11 Most Endangered Historic Places
Vizcaya and Bonnet House
Year Listed: 2008
Location: Miami, Florida and Fort Lauderdale, Florida
In Southern Florida, two historic house museums—Vizcaya Museum & Gardens in Miami, and Bonnet House Museum & Gardens in Fort Lauderdale—are threatened by adjacent high-rise development.
Occupying 50 acres of land overlooking Miami's Biscayne Bay is Vizcaya Museum & Gardens, a retreat from the hustle of the modern urban city to the era of the early 20th century. Built largely between 1914 and 1917 by Chicagoan James Deering as his winter residence, Vizcaya is one of the best remaining examples from the American Renaissance when the nation's wealthy industrialists built lavish estates inspired by the traditions of the European Renaissance. The estate includes a 70-room main house, filled with early 20th century furnishings and antiques alongside the latest technology of the period, and has been long celebrated for its 10 acres of lush formal gardens referred to as the finest Italianate gardens in the United States. Unless development is blocked or an intervention occurs, this cultural landscape will be permanently damaged by the construction of three high-rise condominium towers within Vizcaya's historic viewshed. The introduction of these out-of-scale buildings and the corresponding zoning and land use changes they would require threaten to open the door for more high-rise construction even closer to Vizcaya on adjacent lands.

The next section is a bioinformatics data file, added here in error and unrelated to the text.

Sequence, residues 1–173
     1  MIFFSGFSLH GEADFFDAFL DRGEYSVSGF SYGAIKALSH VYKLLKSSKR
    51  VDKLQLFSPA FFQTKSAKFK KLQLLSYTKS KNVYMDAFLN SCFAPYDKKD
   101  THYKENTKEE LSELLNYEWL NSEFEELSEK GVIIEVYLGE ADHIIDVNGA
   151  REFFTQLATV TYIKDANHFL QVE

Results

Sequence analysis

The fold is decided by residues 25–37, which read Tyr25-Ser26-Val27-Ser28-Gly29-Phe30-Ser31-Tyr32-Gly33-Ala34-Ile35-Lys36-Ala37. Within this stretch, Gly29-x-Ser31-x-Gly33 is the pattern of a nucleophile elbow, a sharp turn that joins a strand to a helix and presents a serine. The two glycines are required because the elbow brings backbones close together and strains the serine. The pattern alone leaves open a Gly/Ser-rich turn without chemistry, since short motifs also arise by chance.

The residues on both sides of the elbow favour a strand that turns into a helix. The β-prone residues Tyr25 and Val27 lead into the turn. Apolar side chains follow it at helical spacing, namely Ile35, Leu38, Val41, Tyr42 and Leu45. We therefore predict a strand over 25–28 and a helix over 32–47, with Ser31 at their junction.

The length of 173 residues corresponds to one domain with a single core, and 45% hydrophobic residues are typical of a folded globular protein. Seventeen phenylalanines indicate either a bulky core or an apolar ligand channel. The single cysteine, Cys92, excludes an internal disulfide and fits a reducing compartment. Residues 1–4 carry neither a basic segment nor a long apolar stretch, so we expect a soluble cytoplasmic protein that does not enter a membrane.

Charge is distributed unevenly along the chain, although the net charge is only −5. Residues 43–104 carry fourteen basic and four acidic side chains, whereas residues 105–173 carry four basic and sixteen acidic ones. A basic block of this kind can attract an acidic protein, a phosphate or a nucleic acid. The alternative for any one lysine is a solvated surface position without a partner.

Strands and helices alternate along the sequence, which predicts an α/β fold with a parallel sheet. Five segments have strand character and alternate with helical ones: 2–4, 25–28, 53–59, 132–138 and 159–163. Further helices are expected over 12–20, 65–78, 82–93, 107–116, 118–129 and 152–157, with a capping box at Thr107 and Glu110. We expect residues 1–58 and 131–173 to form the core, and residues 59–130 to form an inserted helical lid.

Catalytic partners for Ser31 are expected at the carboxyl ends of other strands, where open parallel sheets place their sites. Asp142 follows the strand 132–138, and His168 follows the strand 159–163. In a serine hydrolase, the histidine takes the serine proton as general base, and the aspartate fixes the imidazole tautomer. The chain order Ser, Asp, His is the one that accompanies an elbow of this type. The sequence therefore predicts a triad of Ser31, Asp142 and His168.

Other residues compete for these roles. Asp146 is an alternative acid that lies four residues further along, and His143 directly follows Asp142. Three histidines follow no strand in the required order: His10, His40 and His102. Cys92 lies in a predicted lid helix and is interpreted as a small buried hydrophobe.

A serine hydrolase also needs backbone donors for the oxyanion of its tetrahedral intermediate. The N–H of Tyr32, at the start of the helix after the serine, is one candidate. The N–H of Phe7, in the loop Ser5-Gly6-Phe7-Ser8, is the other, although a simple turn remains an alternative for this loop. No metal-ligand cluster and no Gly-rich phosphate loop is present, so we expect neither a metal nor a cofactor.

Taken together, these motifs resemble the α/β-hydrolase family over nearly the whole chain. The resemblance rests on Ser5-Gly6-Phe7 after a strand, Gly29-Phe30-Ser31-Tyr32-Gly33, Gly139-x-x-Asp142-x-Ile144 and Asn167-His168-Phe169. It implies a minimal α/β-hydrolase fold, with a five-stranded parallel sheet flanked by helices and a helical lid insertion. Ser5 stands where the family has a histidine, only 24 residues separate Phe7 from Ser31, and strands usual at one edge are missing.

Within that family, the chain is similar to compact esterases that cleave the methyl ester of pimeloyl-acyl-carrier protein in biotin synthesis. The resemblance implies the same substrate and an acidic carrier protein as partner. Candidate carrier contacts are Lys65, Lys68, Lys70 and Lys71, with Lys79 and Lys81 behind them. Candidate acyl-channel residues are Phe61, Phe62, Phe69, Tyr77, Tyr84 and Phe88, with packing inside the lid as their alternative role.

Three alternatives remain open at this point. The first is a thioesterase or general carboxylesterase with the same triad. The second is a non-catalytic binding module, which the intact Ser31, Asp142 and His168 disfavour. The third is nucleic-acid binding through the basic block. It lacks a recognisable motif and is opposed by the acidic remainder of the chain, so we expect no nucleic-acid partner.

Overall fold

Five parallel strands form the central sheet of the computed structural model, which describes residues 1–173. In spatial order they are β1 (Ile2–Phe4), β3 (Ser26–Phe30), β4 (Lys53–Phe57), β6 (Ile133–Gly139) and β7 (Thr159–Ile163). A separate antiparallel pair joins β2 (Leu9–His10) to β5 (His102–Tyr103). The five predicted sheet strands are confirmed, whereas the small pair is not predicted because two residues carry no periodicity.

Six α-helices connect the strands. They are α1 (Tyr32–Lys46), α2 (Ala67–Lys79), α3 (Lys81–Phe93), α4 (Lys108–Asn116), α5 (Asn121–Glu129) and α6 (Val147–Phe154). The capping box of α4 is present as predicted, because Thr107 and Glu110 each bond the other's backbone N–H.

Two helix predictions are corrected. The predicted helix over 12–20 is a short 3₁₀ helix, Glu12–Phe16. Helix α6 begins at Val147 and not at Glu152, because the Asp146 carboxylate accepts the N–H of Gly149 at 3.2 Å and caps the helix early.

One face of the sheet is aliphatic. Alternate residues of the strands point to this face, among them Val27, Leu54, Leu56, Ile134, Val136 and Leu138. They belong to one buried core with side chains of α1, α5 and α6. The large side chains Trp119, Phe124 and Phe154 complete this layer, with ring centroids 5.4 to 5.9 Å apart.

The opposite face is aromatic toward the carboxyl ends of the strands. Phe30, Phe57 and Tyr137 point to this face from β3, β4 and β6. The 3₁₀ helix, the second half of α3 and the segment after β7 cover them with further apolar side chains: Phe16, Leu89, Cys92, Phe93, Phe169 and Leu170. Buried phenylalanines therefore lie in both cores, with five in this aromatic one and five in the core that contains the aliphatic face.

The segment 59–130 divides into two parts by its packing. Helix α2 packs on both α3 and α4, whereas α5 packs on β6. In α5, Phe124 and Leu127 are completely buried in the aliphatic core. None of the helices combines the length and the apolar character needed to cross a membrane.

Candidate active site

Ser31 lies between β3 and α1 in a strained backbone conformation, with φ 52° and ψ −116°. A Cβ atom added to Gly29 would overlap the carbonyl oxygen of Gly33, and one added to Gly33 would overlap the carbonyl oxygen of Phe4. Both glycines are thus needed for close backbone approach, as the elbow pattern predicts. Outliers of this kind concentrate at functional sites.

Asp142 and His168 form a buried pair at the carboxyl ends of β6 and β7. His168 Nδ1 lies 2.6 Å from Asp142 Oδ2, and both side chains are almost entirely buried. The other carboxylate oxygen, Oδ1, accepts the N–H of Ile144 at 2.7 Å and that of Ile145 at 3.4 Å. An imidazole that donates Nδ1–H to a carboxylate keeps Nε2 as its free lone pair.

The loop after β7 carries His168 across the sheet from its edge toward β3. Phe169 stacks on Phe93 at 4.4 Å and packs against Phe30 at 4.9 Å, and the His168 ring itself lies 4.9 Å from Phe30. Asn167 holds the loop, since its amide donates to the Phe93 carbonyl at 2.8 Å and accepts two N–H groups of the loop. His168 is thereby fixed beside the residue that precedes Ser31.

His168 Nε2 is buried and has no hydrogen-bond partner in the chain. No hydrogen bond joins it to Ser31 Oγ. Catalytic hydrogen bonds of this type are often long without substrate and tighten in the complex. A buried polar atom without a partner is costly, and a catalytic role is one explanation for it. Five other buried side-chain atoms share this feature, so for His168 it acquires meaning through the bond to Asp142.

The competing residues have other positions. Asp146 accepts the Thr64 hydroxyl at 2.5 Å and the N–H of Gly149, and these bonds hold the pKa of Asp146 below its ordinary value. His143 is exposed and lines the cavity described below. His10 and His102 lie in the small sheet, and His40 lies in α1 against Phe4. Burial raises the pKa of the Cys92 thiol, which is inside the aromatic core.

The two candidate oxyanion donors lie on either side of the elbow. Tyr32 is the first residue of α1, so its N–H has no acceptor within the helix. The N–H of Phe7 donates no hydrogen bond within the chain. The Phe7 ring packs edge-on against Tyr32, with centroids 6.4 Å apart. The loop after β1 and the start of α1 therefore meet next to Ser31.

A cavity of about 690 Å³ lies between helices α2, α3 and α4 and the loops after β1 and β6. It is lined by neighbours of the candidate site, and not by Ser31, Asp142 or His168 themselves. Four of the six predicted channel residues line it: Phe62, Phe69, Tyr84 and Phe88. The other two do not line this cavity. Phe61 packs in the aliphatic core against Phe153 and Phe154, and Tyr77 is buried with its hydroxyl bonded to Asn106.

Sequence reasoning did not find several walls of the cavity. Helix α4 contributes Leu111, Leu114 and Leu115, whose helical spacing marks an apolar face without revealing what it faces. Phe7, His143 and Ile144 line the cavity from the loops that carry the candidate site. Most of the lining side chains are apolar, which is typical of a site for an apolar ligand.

Vizcaya's historic gardens were specifically oriented away from the downtown Miami area to afford guests a serene escape from the growing metropolis. This sense of tranquility is an integral part of the historic and cultural significance of the estate. Vizcaya has always been carefully preserved, first by its original owners and now by Miami-Dade County, which has operated it as a public museum since 1952. Today, under the City of Miami's zoning code, much of the area surrounding Vizcaya is classified as a single-family and mid-rise multi-family neighborhood.
The proposed high-rise condominium project is planned for an area that is currently zoned as government/institutional. The towers would sharply contrast with the scale and character of the neighborhood and require legislation by the City of Miami to change the zoning and land use categories. It is also inconsistent with the provisions of the Coconut Grove Neighborhood Conservation District enacted in 2004 to protect the inimitable character and historic elements within the area. Despite strong opposition from neighborhood and civic associations along with hundreds of individual residents of the Coconut Grove area with supporting testimony from national, state and local experts, the City Commission last year approved the project with only slightly reduced heights on a 3-2 vote. A recent court victory nullified certain of the essential approvals but appeals are likely, thus, the zoning change and construction threat has not been eliminated.
A similar situation is unfolding in Fort Lauderdale with Bonnet House Museum & Gardens, which is now battling the construction of an 18-story hotel that threatens to destroy the estate's viewshed. After preservation advocates made several attempts to thwart the project, the Fort Lauderdale City Commission granted permission to the developer—Transacta Prive—to build the hotel within 200 feet of the south edge of the Bonnet House gardens.